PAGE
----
So maybe the fundamental problem is the idea that there’s good booze and bad booze, when actually it’s about stable and unstable lives.

Further reading

4 thoughts on “Guidelines are only guidelines”

  1. Thomas Hardy’s vintage ale at 13.5% in a 330ml bottle has 4.29 units of alcohol. A superficial search doesn’t show me who makes it, but for most brewers in the UK Portman Group rulings are non-binding. In 2015, Portman Group broke ground on this issue http://www.portmangroup.org.uk/media/news-details/2015/01/16/kestrelsuperpressrelease and several manufacturers of super strength lager were forced to adjust the ABV of products. There has been concern about local councils introducing bans on high ABV products which scoop premium products into the same category as the rocket fuels designed only for pre-loading and sustaining a dependency. All told it feels as if everyone is tip-toeing around the real problem – mass market retailers selling dangerously cheap alcohol which allows people on restricted incomes to develop and sustain dependency. No-one becomes an alcoholic overnight and most people could not afford to develop a dependency if alcohol was more expensive. As you point out, all of this will have to be tested. Let’s see if anyone makes a complaint about a premium product’s ABV first

    1. Rulings are only non-binding if you are fortunate enough to be able to not care whether the supermarkets will take your beer or not.

  2. The bigger question is, what problem are we actually trying to address? Which brings with it other questions: is this a big problem? Is it getting worse? What’s our ‘theory of change’, i.e. what confidence have we got that pulling these particular levers will make this particular difference – and not have offsetting costs?

    The assumptions seem to be that alcohol-related harms to health are a big & growing problem, and that the solution is to attack alcohol on all fronts so as to reduce consumption across the board (an ebbing tide lowers all boats, you might say). I can’t say I’m convinced of any of these things.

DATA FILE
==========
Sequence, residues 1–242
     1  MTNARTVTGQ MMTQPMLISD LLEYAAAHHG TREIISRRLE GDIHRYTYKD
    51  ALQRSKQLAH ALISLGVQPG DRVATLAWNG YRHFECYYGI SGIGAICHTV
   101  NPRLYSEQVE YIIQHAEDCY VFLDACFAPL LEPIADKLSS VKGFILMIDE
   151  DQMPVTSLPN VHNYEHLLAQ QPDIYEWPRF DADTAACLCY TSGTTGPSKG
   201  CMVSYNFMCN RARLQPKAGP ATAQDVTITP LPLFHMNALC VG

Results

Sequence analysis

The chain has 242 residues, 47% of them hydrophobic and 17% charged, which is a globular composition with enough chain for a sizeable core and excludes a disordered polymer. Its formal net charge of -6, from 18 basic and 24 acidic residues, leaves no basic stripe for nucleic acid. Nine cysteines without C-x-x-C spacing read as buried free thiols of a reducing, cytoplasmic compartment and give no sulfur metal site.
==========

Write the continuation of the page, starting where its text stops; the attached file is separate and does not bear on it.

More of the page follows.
The part about

    the premium status/quality of the product and its positioning in the market including the price at which it is generally sold,

    could actually end up being good news for brewers, albeit not for drinkers.

    As always, I wonder what’s going to happen when (if?) the public health industry hits Belgium, where what we’d consider ‘premium’ beer is in sixpack-for-a-fiver territory. But perhaps those starting assumptions don’t have the same appeal in other countries.

  3. As Christopher said, the ober dicta on single-serve containers with more than four units of alcohol isn’t new, but dates from at least 2015, but the ruling against Carlsberg Special Brew resulted in that drink being cut in the UK from 9 per cent ABV to 7 per cent. So it may not have been binding, but it had an effect. What is new is that, after the guidance on “no more than four units a day” was dropped in favour of weekly limits, the Portman Group decided it had to revisit its “no more than four units in a container” rule, and has actually made it slightly more liberal, in so far as it is now saying “give us a good reason why your container should be allowed to have so many units of alcohol and we might let you off.” But it is still saying “no more than six units”, and has declared that even a 75cl bottle of beer is “likely” to be regarded as designed to be drunk by one person, so this would still rule out any beer over 8 per cent abv in a 75cl bottle – which would catch a very large number of excellent Italian beers, for example.